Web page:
Scientific American have just concluded its series on scientists who have experimented on themselves in an effort to better understand the mind, brain and body.
The first piece is about Kevin ‘Captain Cyborg’ Warwick, who seems mainly to have been experimenting with the media rather than himself.
I’ve always considered him the poor man’s Stelarc to be honest, but then again, Stelarc hasn’t had a distinguished research career in robotics so swings and roundabouts I guess.
A further story discusses Olivier Ameisen, a cardiologist who became alcoholic and treated himself with baclofen, a drug then untested for the condition.
There’s a couple of people who experimented on their children, which doesn’t really count as self-experimentation in my book, but they make for good reads nonetheless.
One covers Deb Roy’s recording of the entire first two years of his child’s vocalisations and speech to help understand how language develops.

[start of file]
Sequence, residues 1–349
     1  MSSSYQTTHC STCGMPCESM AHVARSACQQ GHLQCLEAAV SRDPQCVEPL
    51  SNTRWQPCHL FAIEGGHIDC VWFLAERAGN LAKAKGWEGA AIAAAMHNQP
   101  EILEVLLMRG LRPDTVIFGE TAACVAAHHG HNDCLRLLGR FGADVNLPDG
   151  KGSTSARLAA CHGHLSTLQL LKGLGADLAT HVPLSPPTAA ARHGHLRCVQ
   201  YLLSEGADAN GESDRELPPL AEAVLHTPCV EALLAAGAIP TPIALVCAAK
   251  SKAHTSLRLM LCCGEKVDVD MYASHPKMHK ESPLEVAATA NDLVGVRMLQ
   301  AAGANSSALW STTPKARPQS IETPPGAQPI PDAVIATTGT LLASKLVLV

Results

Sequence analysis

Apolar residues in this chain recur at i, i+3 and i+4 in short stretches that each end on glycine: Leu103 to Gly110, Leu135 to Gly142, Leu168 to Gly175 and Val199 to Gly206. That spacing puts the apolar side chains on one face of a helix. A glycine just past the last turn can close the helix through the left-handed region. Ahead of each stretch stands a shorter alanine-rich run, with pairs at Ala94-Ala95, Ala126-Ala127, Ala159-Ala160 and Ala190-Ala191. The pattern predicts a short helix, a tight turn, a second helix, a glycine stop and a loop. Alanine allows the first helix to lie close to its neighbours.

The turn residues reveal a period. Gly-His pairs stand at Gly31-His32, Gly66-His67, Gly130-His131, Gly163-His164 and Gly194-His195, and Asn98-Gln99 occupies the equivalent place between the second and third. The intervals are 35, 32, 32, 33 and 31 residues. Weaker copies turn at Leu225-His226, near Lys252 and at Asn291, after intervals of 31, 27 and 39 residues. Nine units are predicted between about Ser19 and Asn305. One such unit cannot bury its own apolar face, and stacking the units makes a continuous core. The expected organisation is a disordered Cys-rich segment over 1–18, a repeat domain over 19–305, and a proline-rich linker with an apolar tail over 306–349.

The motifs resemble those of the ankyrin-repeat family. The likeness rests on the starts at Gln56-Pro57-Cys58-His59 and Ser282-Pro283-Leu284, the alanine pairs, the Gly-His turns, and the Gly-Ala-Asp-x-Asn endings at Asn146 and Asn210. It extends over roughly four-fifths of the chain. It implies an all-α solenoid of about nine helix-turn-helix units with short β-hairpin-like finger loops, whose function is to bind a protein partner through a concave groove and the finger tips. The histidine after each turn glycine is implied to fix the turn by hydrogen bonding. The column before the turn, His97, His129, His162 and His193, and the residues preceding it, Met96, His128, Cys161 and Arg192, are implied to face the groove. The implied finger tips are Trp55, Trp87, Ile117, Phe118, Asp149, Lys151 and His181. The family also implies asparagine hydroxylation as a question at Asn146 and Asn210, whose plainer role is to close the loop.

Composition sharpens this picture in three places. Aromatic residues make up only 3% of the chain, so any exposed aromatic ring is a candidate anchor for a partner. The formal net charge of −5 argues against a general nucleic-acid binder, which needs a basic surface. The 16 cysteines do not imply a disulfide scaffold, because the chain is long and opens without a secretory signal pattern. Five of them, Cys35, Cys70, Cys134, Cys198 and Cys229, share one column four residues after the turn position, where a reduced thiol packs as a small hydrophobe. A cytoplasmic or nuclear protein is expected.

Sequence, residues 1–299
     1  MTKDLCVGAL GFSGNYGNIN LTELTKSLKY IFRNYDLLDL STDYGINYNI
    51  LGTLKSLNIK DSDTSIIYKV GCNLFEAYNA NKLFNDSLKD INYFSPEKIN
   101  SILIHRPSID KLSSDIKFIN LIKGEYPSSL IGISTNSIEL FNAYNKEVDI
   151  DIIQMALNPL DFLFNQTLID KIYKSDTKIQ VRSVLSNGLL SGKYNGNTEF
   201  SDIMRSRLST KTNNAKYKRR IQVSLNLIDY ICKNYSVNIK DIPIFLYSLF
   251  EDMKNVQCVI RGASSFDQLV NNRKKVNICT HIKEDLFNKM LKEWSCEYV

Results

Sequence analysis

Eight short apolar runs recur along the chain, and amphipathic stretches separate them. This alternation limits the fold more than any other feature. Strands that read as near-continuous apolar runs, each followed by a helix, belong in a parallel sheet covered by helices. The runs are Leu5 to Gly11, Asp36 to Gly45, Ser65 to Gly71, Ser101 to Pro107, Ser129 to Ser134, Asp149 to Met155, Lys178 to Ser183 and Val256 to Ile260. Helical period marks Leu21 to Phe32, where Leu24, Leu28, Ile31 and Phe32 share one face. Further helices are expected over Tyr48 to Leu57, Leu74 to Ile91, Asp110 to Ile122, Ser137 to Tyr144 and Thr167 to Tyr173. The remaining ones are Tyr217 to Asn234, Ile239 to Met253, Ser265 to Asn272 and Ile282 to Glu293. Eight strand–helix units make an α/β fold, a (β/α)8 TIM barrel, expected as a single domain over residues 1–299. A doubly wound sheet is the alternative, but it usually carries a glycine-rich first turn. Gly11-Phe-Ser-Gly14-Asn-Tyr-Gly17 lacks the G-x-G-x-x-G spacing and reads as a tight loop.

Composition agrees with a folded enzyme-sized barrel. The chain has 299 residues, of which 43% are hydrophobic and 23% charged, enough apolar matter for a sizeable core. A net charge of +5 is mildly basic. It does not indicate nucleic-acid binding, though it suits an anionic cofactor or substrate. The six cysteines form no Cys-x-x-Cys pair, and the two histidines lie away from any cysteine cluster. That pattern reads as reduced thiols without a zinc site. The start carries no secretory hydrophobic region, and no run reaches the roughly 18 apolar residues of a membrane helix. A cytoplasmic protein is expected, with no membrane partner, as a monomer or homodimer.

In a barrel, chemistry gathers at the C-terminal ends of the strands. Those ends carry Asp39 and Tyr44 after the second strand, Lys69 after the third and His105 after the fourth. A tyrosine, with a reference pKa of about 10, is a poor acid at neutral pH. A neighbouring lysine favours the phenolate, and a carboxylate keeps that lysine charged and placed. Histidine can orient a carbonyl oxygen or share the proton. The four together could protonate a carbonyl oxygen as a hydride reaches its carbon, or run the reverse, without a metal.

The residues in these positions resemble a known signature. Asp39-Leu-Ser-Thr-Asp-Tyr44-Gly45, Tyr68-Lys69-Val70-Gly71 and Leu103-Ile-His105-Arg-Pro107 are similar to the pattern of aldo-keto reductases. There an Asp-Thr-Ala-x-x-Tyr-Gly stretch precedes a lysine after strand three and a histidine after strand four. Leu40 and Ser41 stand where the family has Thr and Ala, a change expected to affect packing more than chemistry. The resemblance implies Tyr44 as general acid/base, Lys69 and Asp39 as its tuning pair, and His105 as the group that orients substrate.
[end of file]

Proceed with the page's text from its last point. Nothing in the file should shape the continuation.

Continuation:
The other describes Jay Giedd’s project to brain scan his daughter every three months from the age of four upwards. Interestingly, it got stopped by the ethics committee because she might feel pressured to take part. Surely bribery by Pokemon cards would have solved that problem?
While there are several other scientists discussed, the only other one of psychological interest in the legendary Alexander Shulgin who has spent most of his life synthesising new hallucinogenic drugs and trying them on himself. He’s now 83. There’s a moral in that story somewhere.
Link to SciAm’s self-experimenters series.